Ostensibly about the public progression of 1985’s “A Nightmare on Elm Street 2: Freddy’s Revenge” from a dead-on-arrival dud to a post-mortem reinterpretation as an impressively bold confrontation of the psychological effects of homophobia, it’s primarily interested in the career of “Nightmare 2” lead star Mark Patton, who left a promising career following the movie’s public rejection and Hollywood’s vicious homophobia to start over in Mexico. Patton himself is a charming, articulate screen presence who brings layered retroactive insight to the acting career he once pursued that ends up doubling as a history lesson about Hollywood’s aggressive homophobia during the 1980s as a result of the AIDS crisis, and it’s clear that the experience has left deep scars on him. Patton’s personal journey is central to the fabric of the movie, which leads to several uncomfortable moments including a late scene where Patton confronts “Nightmare 2” screenwriter David Chaskin (rather unfairly, in my opinion), and it adds an electrifying edge that’s unexpectedly poignant and often heartbreaking. Overall, if you’re looking for a fan-service puff-piece you’ll likely be unsatisfied, because this is more about the corrosive effect of homophobia and is all the more urgent because of it.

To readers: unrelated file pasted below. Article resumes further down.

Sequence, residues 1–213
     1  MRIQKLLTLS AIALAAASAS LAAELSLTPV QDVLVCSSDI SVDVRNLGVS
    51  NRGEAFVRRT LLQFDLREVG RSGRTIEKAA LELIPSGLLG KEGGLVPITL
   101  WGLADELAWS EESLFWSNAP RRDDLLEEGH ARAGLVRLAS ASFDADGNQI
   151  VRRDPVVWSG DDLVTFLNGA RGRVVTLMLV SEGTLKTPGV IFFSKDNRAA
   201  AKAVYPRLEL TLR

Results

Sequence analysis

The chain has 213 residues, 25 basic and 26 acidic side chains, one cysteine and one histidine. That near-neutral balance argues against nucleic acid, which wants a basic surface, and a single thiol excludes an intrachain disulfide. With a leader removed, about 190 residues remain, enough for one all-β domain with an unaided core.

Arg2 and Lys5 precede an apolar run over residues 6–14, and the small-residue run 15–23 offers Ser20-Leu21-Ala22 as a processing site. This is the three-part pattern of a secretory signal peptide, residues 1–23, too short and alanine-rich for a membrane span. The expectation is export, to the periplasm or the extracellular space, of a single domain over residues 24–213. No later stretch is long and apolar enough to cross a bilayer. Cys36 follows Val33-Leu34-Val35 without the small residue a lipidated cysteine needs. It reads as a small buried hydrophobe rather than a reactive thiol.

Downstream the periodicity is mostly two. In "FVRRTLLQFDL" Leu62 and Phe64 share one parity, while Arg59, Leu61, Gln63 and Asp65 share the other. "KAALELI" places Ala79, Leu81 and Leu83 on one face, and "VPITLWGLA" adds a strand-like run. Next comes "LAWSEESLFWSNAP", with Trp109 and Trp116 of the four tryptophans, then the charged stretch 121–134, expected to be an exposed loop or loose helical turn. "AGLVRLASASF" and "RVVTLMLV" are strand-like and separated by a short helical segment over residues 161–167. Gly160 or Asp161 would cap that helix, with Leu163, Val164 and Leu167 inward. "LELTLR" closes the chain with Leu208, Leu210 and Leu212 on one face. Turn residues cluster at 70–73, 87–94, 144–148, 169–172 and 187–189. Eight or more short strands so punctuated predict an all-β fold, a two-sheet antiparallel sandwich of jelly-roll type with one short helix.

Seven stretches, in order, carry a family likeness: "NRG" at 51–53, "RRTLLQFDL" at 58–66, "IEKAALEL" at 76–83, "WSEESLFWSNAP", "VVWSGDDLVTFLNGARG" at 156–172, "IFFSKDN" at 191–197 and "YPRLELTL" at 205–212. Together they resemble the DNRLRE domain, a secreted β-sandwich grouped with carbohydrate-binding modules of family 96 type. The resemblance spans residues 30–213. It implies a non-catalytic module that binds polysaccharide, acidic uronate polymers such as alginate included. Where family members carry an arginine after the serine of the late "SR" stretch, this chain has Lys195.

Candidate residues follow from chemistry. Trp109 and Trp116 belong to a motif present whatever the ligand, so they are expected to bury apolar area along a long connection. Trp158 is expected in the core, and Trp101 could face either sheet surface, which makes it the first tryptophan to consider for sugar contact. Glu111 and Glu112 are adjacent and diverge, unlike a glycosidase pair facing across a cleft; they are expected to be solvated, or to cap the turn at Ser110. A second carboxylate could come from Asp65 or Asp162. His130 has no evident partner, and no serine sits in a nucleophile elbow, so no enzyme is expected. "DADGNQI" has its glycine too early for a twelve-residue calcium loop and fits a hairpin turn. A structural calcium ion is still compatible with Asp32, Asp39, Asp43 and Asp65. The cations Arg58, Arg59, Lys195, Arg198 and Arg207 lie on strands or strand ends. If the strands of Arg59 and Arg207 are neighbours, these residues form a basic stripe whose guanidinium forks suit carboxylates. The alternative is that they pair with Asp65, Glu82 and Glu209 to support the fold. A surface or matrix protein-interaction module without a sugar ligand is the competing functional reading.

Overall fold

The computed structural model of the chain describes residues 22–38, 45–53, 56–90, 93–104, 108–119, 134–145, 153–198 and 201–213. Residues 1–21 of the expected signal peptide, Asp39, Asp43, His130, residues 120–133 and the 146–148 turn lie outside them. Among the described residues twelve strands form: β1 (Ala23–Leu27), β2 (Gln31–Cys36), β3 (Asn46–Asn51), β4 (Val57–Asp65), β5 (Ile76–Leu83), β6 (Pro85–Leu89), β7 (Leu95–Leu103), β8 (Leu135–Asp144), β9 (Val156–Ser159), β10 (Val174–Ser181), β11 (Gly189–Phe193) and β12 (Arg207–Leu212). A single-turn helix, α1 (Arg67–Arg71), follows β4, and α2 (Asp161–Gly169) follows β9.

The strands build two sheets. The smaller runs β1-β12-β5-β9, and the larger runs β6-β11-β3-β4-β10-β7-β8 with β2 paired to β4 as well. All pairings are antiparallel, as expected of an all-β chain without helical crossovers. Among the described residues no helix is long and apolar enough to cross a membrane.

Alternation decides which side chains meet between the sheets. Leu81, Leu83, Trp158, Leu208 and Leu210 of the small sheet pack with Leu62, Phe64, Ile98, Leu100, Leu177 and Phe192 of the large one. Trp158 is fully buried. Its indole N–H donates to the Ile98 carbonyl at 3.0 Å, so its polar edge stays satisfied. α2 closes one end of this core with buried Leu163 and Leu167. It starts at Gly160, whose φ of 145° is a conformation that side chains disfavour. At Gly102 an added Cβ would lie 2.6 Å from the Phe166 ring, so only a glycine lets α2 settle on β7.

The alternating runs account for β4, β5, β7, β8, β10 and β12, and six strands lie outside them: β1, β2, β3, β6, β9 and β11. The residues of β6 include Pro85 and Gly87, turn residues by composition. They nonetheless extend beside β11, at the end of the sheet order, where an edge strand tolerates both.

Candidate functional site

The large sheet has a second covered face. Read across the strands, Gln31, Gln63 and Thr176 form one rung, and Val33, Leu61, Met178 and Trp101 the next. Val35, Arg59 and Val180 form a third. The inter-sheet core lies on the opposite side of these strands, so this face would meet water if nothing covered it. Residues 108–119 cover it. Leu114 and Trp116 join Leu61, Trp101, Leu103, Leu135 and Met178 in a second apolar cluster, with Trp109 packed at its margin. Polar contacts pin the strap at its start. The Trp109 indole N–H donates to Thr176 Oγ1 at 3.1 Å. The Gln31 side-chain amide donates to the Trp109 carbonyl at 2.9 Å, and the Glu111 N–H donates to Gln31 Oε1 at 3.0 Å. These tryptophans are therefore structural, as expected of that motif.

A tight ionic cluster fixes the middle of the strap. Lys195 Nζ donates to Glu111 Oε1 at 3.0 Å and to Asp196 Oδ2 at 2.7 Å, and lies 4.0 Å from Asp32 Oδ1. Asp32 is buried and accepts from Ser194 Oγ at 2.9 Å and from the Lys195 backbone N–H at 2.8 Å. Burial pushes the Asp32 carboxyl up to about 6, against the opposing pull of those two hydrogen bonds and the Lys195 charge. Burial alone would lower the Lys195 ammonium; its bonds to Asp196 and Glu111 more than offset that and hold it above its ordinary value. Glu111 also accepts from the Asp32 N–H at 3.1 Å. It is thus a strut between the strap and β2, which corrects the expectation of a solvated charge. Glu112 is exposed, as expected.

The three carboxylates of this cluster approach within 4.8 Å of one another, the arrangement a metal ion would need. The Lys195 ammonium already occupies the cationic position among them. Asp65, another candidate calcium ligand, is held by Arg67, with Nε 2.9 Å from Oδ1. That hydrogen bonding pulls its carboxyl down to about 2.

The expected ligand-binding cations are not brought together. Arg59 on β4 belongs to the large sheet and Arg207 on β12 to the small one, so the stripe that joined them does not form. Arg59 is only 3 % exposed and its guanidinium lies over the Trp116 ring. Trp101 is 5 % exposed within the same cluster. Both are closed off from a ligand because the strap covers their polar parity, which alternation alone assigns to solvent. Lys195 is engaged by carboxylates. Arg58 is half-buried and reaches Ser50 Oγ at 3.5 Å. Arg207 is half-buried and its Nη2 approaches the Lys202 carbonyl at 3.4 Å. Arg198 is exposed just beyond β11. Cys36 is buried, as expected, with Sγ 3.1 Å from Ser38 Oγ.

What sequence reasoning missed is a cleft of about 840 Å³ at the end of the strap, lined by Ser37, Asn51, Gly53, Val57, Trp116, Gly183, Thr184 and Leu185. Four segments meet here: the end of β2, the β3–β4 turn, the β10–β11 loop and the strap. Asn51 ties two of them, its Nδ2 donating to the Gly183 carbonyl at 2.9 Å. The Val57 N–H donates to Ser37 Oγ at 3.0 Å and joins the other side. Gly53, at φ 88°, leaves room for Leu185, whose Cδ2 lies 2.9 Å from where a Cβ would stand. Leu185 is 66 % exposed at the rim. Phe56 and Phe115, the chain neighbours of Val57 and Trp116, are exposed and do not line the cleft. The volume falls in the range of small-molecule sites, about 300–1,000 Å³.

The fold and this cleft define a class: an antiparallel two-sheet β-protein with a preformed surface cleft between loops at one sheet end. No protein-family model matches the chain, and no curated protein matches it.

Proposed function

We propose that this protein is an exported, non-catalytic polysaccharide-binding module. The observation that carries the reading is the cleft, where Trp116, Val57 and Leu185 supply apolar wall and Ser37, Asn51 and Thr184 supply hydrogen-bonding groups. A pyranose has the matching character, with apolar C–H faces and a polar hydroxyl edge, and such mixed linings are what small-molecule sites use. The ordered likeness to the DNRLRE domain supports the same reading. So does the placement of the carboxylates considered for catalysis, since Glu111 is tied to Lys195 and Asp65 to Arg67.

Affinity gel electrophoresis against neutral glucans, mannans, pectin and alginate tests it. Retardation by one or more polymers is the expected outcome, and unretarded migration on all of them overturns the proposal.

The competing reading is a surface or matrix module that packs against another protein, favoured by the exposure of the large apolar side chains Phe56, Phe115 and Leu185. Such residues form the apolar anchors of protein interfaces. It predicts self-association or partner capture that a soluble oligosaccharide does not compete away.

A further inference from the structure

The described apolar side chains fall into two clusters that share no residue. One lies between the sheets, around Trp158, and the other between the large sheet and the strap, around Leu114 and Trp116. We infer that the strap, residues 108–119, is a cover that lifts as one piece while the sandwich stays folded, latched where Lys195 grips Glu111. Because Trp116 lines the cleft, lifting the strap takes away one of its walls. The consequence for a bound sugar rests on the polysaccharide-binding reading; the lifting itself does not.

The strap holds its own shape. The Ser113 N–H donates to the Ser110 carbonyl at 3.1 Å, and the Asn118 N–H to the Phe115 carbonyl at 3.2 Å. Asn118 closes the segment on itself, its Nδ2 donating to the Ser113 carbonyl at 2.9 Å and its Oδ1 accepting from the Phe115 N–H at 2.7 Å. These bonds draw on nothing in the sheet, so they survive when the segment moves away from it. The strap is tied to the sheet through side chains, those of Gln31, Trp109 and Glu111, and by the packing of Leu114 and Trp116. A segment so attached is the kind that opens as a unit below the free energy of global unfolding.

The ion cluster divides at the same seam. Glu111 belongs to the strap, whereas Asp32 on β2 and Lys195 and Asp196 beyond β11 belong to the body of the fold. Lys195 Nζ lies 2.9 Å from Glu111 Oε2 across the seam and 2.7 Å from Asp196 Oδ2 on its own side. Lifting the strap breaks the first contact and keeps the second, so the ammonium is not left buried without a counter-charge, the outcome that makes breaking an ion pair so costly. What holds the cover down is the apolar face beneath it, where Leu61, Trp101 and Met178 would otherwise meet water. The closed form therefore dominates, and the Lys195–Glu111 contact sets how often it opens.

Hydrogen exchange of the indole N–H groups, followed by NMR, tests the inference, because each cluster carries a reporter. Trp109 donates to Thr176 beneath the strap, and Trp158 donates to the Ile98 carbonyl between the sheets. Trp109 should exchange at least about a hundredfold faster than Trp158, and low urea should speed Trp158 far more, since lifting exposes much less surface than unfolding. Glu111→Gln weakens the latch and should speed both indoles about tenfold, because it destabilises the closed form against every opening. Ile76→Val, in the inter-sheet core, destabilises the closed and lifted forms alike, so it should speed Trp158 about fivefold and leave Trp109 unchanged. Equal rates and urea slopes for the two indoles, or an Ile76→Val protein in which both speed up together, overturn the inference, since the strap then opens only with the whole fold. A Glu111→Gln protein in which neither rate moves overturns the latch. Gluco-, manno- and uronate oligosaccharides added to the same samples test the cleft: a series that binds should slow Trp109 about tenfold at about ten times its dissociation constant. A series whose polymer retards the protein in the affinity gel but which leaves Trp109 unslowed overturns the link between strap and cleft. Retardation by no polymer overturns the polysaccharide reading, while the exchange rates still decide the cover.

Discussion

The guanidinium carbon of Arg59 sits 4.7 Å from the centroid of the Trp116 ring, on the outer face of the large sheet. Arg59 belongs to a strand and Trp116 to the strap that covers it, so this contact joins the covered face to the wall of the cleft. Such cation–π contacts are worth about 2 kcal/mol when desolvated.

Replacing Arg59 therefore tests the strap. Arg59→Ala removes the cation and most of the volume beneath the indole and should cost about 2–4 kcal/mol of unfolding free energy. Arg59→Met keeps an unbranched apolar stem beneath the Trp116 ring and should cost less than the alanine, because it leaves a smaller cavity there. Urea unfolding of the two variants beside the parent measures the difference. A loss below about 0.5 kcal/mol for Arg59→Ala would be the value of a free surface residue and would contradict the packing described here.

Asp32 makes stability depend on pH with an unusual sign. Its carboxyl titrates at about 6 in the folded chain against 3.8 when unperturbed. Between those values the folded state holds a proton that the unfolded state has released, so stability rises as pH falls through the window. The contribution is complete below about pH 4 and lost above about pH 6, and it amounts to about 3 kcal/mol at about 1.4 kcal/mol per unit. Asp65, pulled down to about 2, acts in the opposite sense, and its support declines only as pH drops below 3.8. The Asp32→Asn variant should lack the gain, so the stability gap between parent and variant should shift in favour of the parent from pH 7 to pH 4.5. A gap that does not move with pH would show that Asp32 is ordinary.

Rating: ★★★★ (out of 5)